December 16, 2014 report
Team develops thermotherapy smartphone controlled skin patch for pain relief
A team of researchers at King Abdullah University of Science and Technology in Saudi Arabia has developed an electronic skin patch that can provide heat for relief of pain. In their paper published in the journal Advanced Healthcare Materials, the team describes the hurdles they overcame in designing and building the patch and where they hope to take it in the future.
Millions of people the world over use thermotherapy skin patches for pain (either due to injury or arthritis)—chemicals in the patches cause warmth to seep into aching muscles or joints, offering relief. But the patches have a major drawback—they're not reusable which means that over time, using them can become very expensive. In this new effort, the researchers have created a patch that can be reused indefinitely.
To make the patch, the team used an electrochemical process to deposit a very thin layer of copper onto a layer of silicon which was grown using a thermal process. The copper was laid down in a grid of semi-spring like shapes—the bending of the metal allows for the patch as a whole to be stretched—a necessary ability for a skin patch. Reactive ion etching was used to cause the silicon/oxide films to be released from the silicon underneath which was in turn transferred to a polymer base. The result was a copper based mesh type patch that is capable of being stretched by 800 percent and is also resistant to oxidation.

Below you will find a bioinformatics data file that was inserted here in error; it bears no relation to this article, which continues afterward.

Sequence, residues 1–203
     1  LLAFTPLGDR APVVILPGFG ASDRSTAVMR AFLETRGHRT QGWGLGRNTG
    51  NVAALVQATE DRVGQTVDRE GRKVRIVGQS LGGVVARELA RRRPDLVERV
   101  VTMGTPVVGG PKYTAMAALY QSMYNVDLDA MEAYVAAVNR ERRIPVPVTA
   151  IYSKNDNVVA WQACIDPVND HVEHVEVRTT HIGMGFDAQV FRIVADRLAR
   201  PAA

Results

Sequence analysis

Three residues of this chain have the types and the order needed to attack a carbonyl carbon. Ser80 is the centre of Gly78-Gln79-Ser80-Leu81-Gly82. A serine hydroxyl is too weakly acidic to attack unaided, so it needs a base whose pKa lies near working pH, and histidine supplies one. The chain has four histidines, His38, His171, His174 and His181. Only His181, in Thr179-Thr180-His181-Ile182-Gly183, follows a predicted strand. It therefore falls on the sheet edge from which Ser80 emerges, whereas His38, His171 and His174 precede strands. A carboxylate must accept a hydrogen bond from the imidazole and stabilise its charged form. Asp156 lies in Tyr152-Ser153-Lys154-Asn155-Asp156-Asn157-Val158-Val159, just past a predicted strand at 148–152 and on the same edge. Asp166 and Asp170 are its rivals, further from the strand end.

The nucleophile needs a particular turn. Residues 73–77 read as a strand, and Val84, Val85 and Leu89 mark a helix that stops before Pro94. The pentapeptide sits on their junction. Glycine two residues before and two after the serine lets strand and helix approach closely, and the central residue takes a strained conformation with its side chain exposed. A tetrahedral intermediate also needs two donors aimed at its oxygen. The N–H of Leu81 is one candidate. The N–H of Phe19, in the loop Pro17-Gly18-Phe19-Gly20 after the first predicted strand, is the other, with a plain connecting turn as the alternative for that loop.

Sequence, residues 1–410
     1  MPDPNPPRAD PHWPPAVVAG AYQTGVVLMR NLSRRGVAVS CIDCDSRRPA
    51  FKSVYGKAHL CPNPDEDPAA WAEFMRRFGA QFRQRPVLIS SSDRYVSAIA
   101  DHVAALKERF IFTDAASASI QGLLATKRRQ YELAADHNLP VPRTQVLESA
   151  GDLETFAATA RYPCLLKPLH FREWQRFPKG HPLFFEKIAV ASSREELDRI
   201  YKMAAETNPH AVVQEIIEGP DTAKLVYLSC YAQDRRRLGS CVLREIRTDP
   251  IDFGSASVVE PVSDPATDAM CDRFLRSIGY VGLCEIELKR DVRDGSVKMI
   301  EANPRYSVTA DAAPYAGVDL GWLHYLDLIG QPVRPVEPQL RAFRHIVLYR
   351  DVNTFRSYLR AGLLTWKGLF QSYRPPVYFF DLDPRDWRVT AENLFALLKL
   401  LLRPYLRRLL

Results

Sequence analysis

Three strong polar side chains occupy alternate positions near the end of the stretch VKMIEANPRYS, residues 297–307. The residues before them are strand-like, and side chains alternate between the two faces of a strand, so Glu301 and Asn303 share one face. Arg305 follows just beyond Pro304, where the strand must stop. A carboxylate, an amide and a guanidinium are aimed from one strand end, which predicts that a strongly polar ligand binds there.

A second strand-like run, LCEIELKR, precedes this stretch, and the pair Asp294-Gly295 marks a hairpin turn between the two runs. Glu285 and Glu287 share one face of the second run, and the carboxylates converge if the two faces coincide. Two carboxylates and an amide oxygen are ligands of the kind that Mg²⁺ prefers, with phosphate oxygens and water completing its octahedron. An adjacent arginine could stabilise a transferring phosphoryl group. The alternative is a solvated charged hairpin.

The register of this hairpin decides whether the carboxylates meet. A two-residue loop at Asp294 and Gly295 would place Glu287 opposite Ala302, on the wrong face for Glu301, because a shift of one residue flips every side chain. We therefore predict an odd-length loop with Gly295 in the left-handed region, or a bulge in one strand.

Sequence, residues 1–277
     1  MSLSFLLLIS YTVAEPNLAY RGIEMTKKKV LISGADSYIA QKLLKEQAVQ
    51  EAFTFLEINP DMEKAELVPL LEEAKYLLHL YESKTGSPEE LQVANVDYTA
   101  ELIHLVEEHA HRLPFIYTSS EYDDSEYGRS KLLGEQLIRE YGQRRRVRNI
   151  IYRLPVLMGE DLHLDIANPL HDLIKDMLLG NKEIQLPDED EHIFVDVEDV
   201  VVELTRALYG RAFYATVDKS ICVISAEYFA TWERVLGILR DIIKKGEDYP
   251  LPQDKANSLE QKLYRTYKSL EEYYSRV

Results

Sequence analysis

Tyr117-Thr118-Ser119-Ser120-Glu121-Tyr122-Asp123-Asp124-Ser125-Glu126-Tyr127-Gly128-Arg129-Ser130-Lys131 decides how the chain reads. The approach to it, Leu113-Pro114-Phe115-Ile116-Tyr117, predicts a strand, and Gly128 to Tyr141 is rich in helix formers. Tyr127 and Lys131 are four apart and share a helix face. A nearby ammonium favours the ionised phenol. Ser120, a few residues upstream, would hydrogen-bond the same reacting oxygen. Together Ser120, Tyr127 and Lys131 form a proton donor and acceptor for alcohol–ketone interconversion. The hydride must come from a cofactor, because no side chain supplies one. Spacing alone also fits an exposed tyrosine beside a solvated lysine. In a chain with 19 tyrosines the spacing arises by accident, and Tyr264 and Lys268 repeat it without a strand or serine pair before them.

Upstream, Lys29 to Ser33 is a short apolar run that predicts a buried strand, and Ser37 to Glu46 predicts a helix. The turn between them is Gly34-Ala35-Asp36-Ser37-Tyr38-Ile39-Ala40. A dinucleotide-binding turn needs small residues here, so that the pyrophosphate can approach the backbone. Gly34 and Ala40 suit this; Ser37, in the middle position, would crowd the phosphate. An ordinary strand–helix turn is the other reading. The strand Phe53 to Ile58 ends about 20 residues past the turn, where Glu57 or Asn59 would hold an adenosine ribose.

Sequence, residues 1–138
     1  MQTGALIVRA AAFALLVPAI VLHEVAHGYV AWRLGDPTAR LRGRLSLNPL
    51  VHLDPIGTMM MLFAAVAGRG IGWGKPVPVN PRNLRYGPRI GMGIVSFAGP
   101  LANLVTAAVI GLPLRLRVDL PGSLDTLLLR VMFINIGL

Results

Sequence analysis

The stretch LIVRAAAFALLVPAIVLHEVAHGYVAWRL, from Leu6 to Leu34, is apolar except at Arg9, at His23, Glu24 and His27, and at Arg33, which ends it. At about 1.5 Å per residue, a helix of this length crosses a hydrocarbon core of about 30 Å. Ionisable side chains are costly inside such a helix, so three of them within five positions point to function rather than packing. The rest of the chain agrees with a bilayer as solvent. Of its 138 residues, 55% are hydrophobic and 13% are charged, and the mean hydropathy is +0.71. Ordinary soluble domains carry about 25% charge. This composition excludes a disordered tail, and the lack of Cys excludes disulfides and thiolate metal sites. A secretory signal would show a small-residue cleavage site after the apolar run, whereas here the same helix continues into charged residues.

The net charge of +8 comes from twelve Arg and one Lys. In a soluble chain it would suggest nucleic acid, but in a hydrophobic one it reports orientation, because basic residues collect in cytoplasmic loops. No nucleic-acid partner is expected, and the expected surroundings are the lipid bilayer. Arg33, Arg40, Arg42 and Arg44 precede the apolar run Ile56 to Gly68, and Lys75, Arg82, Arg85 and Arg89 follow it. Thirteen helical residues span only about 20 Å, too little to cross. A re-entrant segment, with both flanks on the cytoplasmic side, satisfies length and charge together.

The patch also holds circuitry and a standard coin sized battery (which currently lasts just a couple of hours of continuous use) and is able to communicate wirelessly with a smartphone or other device. Users can set the temperature they desire, time span, etc. The team reports that they have built several prototypes and have tested them for pain relief and durability on both machines and human test subjects. They report good results but note that more work needs to be done before they are ready to call their patch a commercial product. They note that their current estimates suggest that once that happens, the patch will likely cost consumers just $4.
Unprecedented 800% stretchable, non-polymeric, widely used, low-cost, naturally rigid, metallic thin-film copper (Cu)-based flexible and non-invasive, spatially tunable, mobile thermal patch with wireless controllability, adaptability (tunes the amount of heat based on the temperature of the swollen portion), reusability, and affordability due to low-cost complementary metal oxide semiconductor (CMOS) compatible integration.
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